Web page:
feHER2-K immune sera appear to bind epitopes on 3T3/feHER2-K as well as on K12 and K248 FMC, but only minimally to 3T3/feHER2. Although other interpretations may exist, we propose the following scenario: feHER2-K recapitulates a cryptic HER2 epitope naturally displayed when WT feHER2 is heterodimerized or associated with other ERBB family members. Cats immunized with heterologous pE2Neu or pbearHER2 produced antibodies that recognize dominant epitopes on WT feHER2 as well as feHER2-K expressed on 3T3 cells, but not the cryptic epitope exhibited by K12 or K248 cells. This seemingly subtle, but potentially critical difference in HER2 epitope recognition was made possible by vaccinating genetically unmanipulated cats that naturally express HER1, HER2, and HER3. It will be important to further evaluate immune sera from feline HER2 vaccines to better define the epitopes they recognize and those epitopes important for controlling signaling and tumor growth. Rationally designed HER2 DNA vaccines, engineered with modifications to specific domains, may help bring clarity.
Our previous study showed consistent responses to HER2 DNA electrovaccination in BALB/c HER2 Tg mice, but poor responses in C57BL/6 HER2 Tg mice (4, 42), illustrating the impact of genetic background on vaccine response. The overall 30% to 40% T-cell response rate in cats is deemed a very positive result considering their genetic diversity. Each cat bears a unique genetic background, and together they may better represent the heterogeneous human population. DNA electroporation was conducted without additional immune modulation aside from the addition of pfeGM-CSF, allowing room for improvement. In human HER2 transgenic mice, we found significant enhancement of HER2 vaccine response after regulatory T-cell depletion. It is possible to pursue various vaccine optimization and immune modulation strategies to improve vaccine response in cats.
Cancer vaccines may be more effectively advanced in veterinary medicine, as evidenced by the approval of a canine melanoma DNA vaccine (25) and by our findings. Because domestic animals share human dwellings and develop mammary carcinoma with similar frequency, biology, and histopathology to that of human breast cancer, it is beneficial to both cats and humans to further investigate vaccine responses in this companion animal species.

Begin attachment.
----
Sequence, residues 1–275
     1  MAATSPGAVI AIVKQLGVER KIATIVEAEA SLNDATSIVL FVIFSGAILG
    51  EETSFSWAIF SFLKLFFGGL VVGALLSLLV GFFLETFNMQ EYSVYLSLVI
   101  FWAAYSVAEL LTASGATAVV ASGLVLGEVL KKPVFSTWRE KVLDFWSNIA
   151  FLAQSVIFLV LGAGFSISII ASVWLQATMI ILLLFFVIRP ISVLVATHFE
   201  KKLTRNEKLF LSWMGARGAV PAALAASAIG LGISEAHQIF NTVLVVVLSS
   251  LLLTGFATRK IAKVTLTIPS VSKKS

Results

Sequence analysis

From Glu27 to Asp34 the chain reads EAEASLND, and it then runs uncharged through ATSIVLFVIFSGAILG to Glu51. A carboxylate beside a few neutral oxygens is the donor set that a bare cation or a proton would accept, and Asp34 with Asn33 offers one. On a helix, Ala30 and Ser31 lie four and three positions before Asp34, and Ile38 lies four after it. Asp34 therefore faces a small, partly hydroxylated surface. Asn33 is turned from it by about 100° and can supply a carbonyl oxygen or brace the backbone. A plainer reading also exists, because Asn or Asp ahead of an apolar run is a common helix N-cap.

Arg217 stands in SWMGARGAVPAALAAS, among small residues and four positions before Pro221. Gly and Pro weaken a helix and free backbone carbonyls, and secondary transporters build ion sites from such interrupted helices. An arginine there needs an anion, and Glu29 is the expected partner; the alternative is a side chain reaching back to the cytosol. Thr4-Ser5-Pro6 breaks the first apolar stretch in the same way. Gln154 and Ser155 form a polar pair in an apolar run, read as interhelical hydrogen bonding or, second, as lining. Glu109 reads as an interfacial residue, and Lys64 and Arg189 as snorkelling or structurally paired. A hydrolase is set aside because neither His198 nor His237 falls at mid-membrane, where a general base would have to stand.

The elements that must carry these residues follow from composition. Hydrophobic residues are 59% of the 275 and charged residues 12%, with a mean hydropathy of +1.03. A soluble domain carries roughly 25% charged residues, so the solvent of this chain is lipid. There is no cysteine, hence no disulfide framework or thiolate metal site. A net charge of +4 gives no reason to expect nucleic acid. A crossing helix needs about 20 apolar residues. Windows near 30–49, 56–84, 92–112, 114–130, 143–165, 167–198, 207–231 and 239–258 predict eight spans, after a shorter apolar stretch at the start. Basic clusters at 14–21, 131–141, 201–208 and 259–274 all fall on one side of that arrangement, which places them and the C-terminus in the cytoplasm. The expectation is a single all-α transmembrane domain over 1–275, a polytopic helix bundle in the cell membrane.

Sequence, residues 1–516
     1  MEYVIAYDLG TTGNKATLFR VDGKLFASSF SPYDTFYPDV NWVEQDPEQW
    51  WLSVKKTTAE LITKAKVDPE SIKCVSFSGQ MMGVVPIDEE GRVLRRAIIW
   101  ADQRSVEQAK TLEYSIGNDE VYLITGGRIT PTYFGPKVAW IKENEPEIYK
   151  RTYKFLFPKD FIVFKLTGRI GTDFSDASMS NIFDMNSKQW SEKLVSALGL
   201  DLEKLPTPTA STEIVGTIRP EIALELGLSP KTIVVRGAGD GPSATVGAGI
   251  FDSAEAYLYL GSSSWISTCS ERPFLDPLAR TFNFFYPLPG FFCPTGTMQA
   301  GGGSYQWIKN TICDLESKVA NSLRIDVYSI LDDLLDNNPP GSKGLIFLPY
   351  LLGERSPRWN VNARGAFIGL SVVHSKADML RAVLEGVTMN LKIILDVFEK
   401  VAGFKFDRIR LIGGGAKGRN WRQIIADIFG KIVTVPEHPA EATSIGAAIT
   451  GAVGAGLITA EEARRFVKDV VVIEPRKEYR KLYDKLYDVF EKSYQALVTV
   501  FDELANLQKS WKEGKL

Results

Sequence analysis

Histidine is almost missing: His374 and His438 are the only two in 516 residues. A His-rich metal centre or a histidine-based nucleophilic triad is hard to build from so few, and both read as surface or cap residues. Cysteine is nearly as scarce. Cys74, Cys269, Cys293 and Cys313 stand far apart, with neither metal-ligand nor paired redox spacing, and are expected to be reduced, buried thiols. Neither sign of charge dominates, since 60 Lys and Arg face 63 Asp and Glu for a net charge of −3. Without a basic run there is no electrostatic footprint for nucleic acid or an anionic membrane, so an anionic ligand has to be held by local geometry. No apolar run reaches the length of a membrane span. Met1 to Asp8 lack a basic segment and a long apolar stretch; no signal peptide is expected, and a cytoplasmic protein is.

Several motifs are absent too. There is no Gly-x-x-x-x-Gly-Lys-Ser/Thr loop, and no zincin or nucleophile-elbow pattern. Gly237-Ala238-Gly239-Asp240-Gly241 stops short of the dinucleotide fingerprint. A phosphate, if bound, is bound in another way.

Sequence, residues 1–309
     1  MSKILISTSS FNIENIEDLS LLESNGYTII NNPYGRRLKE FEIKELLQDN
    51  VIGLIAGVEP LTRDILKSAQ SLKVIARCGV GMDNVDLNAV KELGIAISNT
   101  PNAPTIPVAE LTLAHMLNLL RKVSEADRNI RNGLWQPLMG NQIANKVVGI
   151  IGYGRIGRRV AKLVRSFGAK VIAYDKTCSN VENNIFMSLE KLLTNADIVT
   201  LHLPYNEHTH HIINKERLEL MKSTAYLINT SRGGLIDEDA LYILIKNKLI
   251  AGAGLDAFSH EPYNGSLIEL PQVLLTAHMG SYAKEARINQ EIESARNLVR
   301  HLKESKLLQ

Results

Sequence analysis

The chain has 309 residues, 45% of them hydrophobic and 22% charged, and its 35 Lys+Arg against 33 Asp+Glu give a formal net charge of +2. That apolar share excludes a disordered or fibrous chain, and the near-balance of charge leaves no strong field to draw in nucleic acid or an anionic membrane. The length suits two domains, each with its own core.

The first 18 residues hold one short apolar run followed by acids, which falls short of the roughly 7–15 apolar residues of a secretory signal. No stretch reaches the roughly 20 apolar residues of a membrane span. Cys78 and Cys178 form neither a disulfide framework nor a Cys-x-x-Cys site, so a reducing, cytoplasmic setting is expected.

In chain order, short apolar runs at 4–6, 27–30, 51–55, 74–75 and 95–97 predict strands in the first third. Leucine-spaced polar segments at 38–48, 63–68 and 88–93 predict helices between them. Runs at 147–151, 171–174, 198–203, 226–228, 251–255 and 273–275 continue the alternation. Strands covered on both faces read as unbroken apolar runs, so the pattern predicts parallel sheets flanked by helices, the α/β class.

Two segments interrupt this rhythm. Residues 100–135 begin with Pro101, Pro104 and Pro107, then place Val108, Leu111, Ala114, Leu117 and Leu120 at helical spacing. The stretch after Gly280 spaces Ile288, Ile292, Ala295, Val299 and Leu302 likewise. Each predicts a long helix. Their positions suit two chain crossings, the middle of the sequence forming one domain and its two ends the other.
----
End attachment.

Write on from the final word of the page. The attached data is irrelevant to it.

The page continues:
Human trials testing novel vaccines are invariably initiated in patients who have failed other therapies, when their immune systems are compromised. In this study, we show that normal, healthy cats with functional immune systems develop promising responses to HER2 DNA electrovaccination. Given the aggressive nature of FMC and their propensity for HER2 expression, a preventive vaccine in cats merits consideration, particularly for breeder females. DNA is the most versatile vaccine formula and the design is limited only by one's imagination. It is proposed that feline mammary tumors serve as a strong model for developing human cancer vaccines, warranting intensive investigation.
Disclosure of Potential Conflicts of Interest
No potential conflicts of interest were disclosed.
The content of this article is solely the responsibility of the authors and does not necessarily represent the official views of the NIH or Department of Defense.
Conception and design: H.M. Gibson, R. Jones, L. Lum, J. Reyes, W.-Z. Wei
Development of methodology: H.M. Gibson, R. Jones, J. Reyes, W.-Z. Wei
Acquisition of data (provided animals, acquired and managed patients, provided facilities, etc.): H.M. Gibson, J.J. Veenstra, M. Sauerbrey, J. Reyes, W.-Z. Wei
Analysis and interpretation of data (e.g., statistical analysis, biostatistics, computational analysis): H.M. Gibson, R. Jones, U. Vaishampayan, J. Reyes, W.-Z. Wei
Writing, review, and/or revision of the manuscript: H.M. Gibson, J.J. Veenstra, R. Jones, U. Vaishampayan, M. Sauerbrey, G. Bepler, A. Weise, W.-Z. Wei
Administrative, technical, or material support (i.e., reporting or organizing data, constructing databases): U. Vaishampayan, G. Bepler, J. Reyes, W.-Z. Wei
Study supervision: R. Jones, W.-Z. Wei
Other (cloning of feline and Ursus americanus cDNA's used for construction of vectors and vaccines used in the study described in the article; STR analysis/authentication of feline cell lines used for construction of these vaccines, and for analysis of host immune responses to these vaccines): R. Jones
This research was supported by NIH RO1 CA76340 (to W.-Z. Wei) and National Oncogenomics and Molecular Imaging Center W81XWH-10-2-0068 (to G. Bepler).
The costs of publication of this article were defrayed in part by the payment of page charges. This article must therefore be hereby marked advertisement in accordance with 18 U.S.C. Section 1734 solely to indicate this fact.
The authors dedicate this work in memory of Dr. Marie Piechocki, who devoted her life to cancer research. The authors thank Dr. Elizabeth Dawe and Ms. Janine Matthei for their expert handling and care of the cats and Dr. Wendy Wiesend for her pathology expertise. The authors also thank the MICR, Genomics, Multidisciplinary Research, and AMTEC cores of the Karmanos Cancer Institute (P30CA022453). Special thanks to Lynn Marla, Colleen Bruning-Fann, Gail Chapman, Nancy Hendrick, Carol Logan, Linda Schroeder, and Colleen Seitz for the black bear harvest.
Note: Supplementary data for this article are available at Cancer Immunology Research Online (http://cancerimmunolres.aacrjournals.org/).
- Received September 19, 2014.
- Revision received January 22, 2015.
- Accepted February 14, 2015.
- ©2015 American Association for Cancer Research.